Undoubtedly it's part of its charm, and we had great fun getting lost, and not finding our way. Once you stray away from the Grand Canal it quickly becomes confusing to know where you are in the city.
Comparing notes with other tourists just adds to the confusion. To put it in perspective, Venice has a 150 canals, and 409 bridges.
No wonder we got lost a lot. What was also a bit disconcerting (in terms of landmark) is the abundance of Murano glass jewelry stores, and boutiques-workshops selling masks, all having more or less similar displays in their windows.
Yes yes I know where we are... ask for direction! Why would I do that? I don't know where to go
The only remedy to this confusion other then an aspirin was to get on the Vaporetto. The Vaporetto is the water bus that allow you to get around the city of bridges, and let someone else do the thinking.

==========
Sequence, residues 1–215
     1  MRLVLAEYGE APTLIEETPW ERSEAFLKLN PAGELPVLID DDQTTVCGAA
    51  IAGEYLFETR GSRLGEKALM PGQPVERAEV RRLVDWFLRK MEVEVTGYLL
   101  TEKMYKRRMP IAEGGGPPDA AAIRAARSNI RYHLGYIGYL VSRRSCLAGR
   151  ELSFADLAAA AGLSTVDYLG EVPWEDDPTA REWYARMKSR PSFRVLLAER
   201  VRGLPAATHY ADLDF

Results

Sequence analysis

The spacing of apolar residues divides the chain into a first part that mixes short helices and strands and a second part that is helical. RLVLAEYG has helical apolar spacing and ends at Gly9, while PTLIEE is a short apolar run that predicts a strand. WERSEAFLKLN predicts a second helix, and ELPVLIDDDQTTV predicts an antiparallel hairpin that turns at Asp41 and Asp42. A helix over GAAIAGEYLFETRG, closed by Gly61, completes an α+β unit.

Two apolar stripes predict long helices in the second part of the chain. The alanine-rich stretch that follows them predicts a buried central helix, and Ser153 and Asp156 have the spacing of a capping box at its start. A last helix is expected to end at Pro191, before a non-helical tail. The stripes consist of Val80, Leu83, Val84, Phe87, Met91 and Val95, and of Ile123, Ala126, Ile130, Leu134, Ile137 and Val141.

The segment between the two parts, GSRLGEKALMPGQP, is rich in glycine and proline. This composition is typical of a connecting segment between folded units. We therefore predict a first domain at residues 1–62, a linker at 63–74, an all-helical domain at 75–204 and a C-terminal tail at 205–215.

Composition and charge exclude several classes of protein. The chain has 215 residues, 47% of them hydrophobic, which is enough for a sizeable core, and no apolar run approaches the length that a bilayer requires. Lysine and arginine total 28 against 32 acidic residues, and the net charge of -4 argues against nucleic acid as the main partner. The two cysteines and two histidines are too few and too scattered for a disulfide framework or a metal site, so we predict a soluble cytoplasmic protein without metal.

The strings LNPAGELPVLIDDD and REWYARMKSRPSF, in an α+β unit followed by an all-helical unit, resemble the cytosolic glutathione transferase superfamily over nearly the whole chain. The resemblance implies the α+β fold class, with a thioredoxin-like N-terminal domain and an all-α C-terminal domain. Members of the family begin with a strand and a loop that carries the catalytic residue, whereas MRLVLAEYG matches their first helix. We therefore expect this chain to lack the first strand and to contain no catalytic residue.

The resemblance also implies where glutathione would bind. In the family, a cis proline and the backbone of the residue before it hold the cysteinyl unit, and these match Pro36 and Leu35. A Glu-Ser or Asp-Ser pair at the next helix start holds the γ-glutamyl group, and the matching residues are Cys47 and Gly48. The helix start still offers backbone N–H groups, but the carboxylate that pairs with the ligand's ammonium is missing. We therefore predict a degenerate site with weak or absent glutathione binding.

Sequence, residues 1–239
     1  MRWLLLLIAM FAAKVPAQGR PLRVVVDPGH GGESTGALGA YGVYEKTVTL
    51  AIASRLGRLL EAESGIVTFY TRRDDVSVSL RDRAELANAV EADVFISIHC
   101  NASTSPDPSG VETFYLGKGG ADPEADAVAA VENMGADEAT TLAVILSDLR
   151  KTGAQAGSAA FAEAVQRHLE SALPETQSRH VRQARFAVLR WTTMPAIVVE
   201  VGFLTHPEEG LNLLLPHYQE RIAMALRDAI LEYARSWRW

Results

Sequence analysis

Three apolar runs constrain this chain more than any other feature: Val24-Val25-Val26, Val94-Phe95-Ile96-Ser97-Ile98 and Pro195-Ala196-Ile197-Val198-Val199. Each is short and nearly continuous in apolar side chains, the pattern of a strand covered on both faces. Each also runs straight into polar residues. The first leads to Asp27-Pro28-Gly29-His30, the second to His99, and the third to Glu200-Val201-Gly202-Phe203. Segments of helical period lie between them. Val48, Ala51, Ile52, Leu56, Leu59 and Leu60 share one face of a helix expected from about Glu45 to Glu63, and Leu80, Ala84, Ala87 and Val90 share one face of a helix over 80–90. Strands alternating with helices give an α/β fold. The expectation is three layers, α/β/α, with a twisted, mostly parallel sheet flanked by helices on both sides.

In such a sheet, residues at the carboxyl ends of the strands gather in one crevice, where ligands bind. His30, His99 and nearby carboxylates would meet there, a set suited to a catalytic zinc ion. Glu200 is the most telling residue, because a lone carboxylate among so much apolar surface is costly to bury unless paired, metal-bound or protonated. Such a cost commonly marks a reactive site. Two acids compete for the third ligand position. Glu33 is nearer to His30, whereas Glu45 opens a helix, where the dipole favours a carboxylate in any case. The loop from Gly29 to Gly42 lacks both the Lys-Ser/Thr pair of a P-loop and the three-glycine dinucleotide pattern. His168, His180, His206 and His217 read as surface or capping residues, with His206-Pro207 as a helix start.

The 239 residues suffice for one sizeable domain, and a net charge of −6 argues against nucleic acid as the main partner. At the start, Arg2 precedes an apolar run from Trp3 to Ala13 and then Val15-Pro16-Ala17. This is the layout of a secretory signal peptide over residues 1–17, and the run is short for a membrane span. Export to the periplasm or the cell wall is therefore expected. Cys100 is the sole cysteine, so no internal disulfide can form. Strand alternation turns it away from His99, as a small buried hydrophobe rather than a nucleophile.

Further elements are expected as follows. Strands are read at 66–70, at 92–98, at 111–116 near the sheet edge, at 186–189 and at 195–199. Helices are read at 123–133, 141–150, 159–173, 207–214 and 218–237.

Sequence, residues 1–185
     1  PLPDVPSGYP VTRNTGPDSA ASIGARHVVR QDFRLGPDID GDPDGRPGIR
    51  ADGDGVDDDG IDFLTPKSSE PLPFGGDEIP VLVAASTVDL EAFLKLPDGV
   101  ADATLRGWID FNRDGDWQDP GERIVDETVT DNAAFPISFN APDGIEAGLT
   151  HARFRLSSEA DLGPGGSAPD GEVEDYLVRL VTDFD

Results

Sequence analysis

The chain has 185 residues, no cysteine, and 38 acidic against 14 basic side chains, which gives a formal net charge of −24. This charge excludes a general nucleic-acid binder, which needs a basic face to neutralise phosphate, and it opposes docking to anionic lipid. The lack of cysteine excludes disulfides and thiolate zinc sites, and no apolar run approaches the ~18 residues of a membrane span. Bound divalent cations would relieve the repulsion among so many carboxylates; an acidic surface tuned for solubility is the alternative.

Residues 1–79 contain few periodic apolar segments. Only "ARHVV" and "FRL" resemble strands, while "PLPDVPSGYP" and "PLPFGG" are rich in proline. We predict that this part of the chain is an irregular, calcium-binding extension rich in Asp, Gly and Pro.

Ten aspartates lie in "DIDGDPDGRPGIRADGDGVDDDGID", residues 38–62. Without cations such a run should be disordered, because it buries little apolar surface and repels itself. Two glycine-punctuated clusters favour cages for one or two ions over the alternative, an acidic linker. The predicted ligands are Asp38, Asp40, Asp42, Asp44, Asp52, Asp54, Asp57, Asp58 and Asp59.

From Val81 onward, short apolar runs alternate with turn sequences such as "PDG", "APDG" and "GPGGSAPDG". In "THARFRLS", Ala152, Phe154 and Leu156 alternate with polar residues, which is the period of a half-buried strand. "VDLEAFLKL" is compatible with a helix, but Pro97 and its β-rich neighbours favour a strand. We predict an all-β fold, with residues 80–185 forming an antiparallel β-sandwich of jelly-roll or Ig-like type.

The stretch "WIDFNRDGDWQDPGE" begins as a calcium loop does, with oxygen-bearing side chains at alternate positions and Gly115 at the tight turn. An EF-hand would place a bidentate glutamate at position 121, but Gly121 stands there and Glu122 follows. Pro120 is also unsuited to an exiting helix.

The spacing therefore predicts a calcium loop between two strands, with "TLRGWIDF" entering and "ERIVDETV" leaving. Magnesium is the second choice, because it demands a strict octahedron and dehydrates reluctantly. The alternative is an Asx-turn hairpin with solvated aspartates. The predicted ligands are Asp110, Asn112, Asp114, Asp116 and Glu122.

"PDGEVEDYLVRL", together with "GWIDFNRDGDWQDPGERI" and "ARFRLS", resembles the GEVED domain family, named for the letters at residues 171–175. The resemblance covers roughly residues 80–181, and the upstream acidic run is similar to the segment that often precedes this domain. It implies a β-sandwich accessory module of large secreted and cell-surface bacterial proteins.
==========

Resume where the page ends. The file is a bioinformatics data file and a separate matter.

Yes the city is quite beautiful, and being in Piazza San Marco was extraordinary, magical. Venice was crowded with tourist, and at the end of the day we were, if somewhat melancholic, glad the visit was done.
What I personally found the most extraordinary about Venice is its absence of anything on wheels. There are no cars, no scooters or motorbikes, and no bicycles. To get around in Venice you either walk, or take some kind of floating device, hence there are no sidewalks, or better there are only sidewalks, the entire city is pedestrian only. To me that was truly special.
For those of you who have not been to Venice, don’t take that statement lightly, it is actually quite something to be in a fully functional city without seeing anything on wheels, no road signs, no lights, no stops, no noise. no traffic (there is a bit of noise pollution from boats), but nowhere near as loud as any busy downtown street of any city in the world. It was posted in several places to please walk as you would drive (on the right side of the street) and to avoid stopping on bridges. Nice advice, but from the number of people that were perched on the Ponte Rialto, easier said then done.